After struggling with overcapacity, the Sikér Zrt. announced its quit from the milling industry, leaving a debt of millions, according to vg.hu.
Back in February the Sikér Malomipari Zrt. asked for delaying the payments but they could not agree on the terms with the creditor, therefore, the proceedings of bankruptcy were terminated by the court. This means that the process of the liquidation of the company, that was regarded one of the five biggest participants of the market with its annual turnover of more than 10 billion HUF, can begin.
Earlier, Sikér seemed to develop dynamically: it increased the turnover by 250% within four years, furthermore, the firm could pay a dividend of 43.5 million HUF in 2013, and had a profit of more than 90 million HUF in 2014. It had a reputation of a trustworthy and stabile company, hence, the news about the bankruptcy were rather unexpected by the members of the market.
Antal Pekk, the trustee of Likvid-B Csődmenedzser és Felszámoló Kft. (Ltd. of Bankcruptcy managing and Liquidation) told vg.hu that the milling company has stopped working. Based on earlier reports the site writes that Sikér was supposed to come to terms with 50-80 creditors. Moreover, as of the 2014 balance sheet, a debt of 7 million HUF will have to be paid.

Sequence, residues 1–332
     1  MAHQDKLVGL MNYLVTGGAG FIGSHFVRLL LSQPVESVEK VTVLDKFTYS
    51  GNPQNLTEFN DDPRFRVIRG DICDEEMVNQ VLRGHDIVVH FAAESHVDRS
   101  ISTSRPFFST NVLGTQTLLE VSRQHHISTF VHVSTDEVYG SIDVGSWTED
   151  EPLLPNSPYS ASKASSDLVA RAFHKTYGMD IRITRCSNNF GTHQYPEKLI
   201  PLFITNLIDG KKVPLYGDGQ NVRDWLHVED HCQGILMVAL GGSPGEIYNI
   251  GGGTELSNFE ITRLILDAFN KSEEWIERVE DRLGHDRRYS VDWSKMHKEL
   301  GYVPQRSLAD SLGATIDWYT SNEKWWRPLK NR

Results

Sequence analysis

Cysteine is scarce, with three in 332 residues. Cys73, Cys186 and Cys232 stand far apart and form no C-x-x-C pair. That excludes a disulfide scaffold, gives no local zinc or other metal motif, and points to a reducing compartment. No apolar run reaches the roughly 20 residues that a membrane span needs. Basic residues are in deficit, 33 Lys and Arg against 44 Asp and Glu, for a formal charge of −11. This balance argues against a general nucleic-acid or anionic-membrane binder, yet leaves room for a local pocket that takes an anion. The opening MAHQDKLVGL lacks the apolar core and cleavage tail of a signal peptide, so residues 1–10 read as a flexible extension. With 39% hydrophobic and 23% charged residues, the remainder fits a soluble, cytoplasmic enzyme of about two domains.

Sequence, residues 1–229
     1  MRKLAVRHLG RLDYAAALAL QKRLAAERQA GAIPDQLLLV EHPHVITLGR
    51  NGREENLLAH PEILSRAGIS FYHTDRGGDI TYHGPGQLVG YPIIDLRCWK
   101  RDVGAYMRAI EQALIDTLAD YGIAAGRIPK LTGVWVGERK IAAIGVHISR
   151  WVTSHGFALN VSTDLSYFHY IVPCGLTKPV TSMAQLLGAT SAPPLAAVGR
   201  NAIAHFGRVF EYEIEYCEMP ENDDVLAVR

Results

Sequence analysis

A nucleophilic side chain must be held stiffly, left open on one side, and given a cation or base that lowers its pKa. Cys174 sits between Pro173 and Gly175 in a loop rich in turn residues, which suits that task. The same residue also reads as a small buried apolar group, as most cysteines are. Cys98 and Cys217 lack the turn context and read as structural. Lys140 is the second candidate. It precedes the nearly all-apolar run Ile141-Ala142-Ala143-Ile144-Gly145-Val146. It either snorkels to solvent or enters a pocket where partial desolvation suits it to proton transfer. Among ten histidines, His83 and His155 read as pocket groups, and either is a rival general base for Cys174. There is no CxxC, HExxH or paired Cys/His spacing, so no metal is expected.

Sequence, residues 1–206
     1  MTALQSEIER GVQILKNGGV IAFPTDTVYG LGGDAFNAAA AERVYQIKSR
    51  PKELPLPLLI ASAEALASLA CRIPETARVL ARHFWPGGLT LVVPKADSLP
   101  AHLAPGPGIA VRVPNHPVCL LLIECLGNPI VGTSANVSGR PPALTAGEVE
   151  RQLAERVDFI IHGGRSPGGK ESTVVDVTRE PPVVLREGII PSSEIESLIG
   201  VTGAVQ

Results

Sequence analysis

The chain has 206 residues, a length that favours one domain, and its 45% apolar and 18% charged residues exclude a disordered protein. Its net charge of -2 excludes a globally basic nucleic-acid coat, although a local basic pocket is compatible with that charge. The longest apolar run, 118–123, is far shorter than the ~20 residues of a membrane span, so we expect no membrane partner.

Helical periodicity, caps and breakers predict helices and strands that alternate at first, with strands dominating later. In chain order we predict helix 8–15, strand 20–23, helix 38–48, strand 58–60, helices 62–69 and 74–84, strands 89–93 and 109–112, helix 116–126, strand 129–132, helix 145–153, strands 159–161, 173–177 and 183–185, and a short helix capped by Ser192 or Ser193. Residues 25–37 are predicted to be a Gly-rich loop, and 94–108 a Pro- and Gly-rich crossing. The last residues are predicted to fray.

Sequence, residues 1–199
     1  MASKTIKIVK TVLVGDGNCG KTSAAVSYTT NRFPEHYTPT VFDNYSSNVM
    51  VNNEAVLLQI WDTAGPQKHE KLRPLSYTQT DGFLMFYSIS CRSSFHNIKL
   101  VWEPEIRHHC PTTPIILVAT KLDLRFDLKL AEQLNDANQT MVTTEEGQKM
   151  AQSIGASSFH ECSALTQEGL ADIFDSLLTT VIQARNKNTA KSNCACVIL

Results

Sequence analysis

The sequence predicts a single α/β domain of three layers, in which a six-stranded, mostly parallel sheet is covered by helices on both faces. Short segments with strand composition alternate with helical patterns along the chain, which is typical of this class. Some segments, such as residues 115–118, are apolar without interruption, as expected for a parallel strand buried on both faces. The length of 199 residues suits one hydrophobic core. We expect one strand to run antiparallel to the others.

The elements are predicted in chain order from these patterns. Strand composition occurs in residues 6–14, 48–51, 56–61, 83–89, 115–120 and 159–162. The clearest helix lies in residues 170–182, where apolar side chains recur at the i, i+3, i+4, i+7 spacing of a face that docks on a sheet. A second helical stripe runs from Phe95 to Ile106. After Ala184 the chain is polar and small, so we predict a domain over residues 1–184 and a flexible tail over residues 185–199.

Despite the usage of the latest tools, and the EU supported technologies of grinding and wearing, Sikér went bankrupt. According to the February report of Ferenc Blázsek, owner of the company, the bankruptcy of the Széchenyi Bank, the withdrawal of financing banks and creditors, the cartel fine of more than 300 million HUF, and the serious competition in the industry were the factors that led to the failure.
However, other industry members told the site that the loss of the company cannot really be felt on the market, as the gap which Sikér left behind was immediately filled by other competing members. Notably, the capacity of the industry is quite oversized, about 60% of it is used. Therefore, the ability of profit-making is rather modest and companies usually join negative price competitions, accepting deficit just in order to keep the customers, and hopefully expand their markets.
Although, this tendency cannot really be followed by flour production. The statistics concerning agriculture show an average profit – proportional to turnover – of 5% in the milling industry, yet, this is said to have been improved by the multifaceted companies – like Nestlé – and the exclusively milling companies have a profit of about 1-2%.
Copy editor: bm
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